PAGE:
the secretary of DSHS or secretary's designee.
The Governor or Governor's designee must convene and chair the task force, which must be staffed by DSHS. The task force must meet with and provide updates to stakeholders, including the Developmental Disabilities Council, the Arc of Washington, Disability Rights Washington, family members or guardians of current residential habilitation center residents, individuals with developmental disabilities, the Washington Federation of State Employees, and the Service Employees International Union 1199.
The reports must address, consider, and advance the recommendations of the Ruckelshaus Report.
Fiscal Note: Available.
Creates Committee/Commission/Task Force that includes Legislative members: Yes.
Effective Date: Ninety days after adjournment of session in which bill is passed.
Staff Summary of Public Testimony: PRO: This bill is the result of three decades of conflict which have now been resolved. We met for 18 months to discuss concerns slowly, in a civil way. The key was quality of care, not money. The culture has changed. RHC placements are now considered temporary facilities, or ICFs. Not recognizing this threatens decertification and jeopardizes of federal funding. We are working to make services more available, more appropriate, and more comprehensive while preserving vital funding. Never before has this level of consensus been achieved between diverse interests and advocates. These recommendations will benefit all individuals with developmental disabilities around the state. Please build more supported living outside of SOLAs to promote client choice. My daughter has high needs but has been successful in the community for five years with supported services. We owe it to persons with development disabilities and their families to provide them with not only a home but a choice. This conflict goes back to the 1980s when litigation shattered the trust between families and developmental disability advocates. For the first time in 40 years, we have a path forward with all families moving together. This plan recognizes the need for a safety net which the state is responsible for providing. Having a caseload forecast that accurately predicts the need for services is revolutionary. Services no longer need to be centralized far away from the community, because they have become available close to home. The nursing home at Fircrest is a needed facility for a minority of the population. This task force is not designed to be a discussion group, but to supervise an implementation plan for consensus-based recommendations.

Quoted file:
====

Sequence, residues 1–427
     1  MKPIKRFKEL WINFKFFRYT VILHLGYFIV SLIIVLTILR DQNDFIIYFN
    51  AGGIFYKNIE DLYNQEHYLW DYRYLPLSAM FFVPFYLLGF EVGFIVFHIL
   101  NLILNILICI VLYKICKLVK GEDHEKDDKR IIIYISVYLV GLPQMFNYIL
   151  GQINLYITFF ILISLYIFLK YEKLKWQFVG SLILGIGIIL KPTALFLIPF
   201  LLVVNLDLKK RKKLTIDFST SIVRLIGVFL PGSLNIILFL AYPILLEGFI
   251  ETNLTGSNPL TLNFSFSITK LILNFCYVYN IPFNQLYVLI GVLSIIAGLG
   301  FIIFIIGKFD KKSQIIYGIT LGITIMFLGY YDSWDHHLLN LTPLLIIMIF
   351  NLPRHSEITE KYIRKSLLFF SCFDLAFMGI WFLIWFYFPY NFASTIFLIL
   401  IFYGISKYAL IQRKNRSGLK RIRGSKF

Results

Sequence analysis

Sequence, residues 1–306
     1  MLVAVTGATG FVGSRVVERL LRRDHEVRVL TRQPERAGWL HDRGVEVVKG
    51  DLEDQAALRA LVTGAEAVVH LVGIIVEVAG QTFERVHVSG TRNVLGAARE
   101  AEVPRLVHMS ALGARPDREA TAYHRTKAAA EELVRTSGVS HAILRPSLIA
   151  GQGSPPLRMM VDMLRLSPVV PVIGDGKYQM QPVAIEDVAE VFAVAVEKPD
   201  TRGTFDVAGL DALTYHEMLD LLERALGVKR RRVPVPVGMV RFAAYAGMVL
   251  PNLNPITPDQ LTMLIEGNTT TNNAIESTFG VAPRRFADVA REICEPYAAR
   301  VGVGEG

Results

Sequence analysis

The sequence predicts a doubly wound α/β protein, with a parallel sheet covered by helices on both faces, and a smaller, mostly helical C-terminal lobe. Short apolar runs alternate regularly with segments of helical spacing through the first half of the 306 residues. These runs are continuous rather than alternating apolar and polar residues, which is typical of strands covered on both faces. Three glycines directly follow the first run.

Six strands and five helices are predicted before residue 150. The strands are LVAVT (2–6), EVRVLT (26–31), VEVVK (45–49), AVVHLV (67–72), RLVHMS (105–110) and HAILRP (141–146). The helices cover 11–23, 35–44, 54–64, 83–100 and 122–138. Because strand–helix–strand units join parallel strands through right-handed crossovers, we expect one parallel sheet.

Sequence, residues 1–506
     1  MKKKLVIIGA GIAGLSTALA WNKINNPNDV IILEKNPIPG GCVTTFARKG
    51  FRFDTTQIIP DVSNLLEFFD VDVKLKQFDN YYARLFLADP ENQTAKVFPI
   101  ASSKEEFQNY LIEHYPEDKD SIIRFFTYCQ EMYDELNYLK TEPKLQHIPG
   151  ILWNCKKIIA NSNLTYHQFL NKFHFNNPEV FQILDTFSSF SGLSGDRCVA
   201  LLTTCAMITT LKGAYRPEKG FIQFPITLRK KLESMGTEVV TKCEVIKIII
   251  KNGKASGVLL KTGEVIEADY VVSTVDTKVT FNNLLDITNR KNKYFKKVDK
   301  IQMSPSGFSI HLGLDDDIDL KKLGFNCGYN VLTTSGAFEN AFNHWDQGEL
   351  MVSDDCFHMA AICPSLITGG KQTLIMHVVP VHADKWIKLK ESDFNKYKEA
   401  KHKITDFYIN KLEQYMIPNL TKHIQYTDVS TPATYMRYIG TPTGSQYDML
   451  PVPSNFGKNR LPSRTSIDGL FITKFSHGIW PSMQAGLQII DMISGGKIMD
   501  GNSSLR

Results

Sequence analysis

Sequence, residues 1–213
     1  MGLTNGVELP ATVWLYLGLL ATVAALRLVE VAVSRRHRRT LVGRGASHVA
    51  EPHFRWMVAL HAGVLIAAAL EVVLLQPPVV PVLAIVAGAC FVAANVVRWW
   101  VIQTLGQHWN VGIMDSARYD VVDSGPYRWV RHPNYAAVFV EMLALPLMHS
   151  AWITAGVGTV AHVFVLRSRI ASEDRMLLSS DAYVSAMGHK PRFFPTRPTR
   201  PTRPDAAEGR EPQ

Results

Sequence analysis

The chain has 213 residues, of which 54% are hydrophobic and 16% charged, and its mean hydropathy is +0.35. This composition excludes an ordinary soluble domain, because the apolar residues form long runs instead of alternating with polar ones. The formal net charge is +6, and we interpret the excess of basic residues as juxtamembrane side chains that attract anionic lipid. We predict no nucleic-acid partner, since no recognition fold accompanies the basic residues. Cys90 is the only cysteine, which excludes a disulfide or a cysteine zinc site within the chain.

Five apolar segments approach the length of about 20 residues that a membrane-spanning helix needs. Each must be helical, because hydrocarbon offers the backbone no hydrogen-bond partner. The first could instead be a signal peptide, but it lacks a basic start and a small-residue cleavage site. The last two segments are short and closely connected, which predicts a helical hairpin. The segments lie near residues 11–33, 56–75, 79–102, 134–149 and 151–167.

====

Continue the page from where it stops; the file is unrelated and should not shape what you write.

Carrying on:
CON: We believe in supporting movement of persons with developmental disabilities into the community. We oppose building a new nursing home at Fircrest. This is not appropriate and too expensive. People with developmental disabilities can be supported in the community when they have high acuity needs. SOLAs and community arrangements can pick up the excess demand for nursing care. My son waived his right to institutionalization to receive services in the community. Families have not been consulted about this plan and don't know about this bill. We deserve to be better informed.
OTHER: We need to close the institutions down. I lived in Rainier School starting in 1966 and now live in the community. People with intellectual disabilities should be part of the group. No decisions about us without us.
Persons Testifying: PRO: Senator Karen Keiser, Prime Sponsor; Julia Bell, Developmental Disabilities Council; Kari Cunningham-Rosvik, psychiatric nurse practitioner/parent; Matt Zuvich, Washington Federation of State Employees; Sue Elliott, The Arc of Washington State; Cheryl Strange, DSHS; Jeff Carter, Action DD; Amber Leaders, Office of the Governor. CON: David Lord, Disability Rights Washington; Kelley Nesbitt, family disability advocate. OTHER: Robert Wardell, citizen; Krista Milhofer, People First of Washington.
Persons Signed In To Testify But Not Testifying: No one.